|Commissioners and DA may compromise on contract review policy|
|Written by Photography by Michael Michaelsen|
|Tuesday, January 26 2010 13:11|
(shown) Humboldt County DA Russell Smith.
WINNEMUCCA — Humboldt County Commissioners took the opportunity at their yearly retreat Monday (January 26) to revisit policy that allows the DA’s Office to review county contracts before the commissioners do so. The contract issue caught the commissioner’s attention when they learned Humboldt County DA Russell Smith has reviewed potential contracts from Recology, the company proposing to build a landfill on Jungo Rd., in advance of the commission being aware of it.
As Smith has tried to explain several times before, that’s just business as usual on a policy in place since before he was elected. His office is not negotiating hosting fees with Recology; rather, they’re looking for aspects of the contract that might represent liabilities for the county.
“When we get to a point where we feel the county is protected on the legal issues we bring it to the commission,” he said.
However, Commissioner Tom Fransway has repeatedly called for a change in the way contracts are reviewed prior to being presented to the commission. On the landfill issue he said, “We have not been in the loop and we should have been.” While Fransway has long been aware that Recology intended to develop a landfill on Jungo Rd., having participated in the vote that changed the ordinance to allow out-of-state garbage, he has repeatedly claimed the commissioners were unaware of the sheer magnitude of the thing, which is expected to receive 4,000 tons of garbage five days a week.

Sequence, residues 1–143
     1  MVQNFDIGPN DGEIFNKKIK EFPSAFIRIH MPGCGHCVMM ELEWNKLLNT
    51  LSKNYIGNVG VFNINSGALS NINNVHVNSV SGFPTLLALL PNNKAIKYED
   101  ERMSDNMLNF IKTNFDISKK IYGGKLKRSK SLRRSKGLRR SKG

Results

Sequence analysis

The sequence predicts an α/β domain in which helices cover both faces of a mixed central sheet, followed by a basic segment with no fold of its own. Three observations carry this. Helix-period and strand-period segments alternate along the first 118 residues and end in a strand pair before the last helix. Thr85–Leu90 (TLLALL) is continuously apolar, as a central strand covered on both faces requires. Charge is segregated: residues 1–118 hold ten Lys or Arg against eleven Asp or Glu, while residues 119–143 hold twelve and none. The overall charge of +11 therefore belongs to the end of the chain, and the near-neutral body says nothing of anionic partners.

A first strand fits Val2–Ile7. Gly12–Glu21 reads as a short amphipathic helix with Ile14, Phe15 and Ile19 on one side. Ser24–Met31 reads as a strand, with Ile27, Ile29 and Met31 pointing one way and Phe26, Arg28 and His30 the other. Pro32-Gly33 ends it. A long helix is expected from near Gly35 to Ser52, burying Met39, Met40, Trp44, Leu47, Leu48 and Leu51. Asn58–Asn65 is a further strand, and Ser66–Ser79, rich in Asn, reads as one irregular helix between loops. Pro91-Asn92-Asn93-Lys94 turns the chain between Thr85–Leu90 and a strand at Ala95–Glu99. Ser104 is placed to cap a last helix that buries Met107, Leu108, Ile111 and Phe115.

Smith countered that everything being done with the landfill was done at properly noticed meetings and was covered by local media. In addition, two other county departments were involved: the Regional Planning Committee and the Landfill Committee. Smith commented, “Both of those departments could have given you the heads-up. We weren’t doing this in a vacuum.”
As a compromise, Smith suggested a monthly meeting between himself and the commissioners in which he updated them on the contracts under review by his office. Although many of the details will have to be ironed out, Smith said the meetings will probably be closed to the public because the issues represent the potential for litigation. Nevada’s Open Meeting Laws allow government officials to close public meetings to discuss pending litigation. There may have to be some discussion about whether or not 'pending litigation' includes 'the potential for litigation'.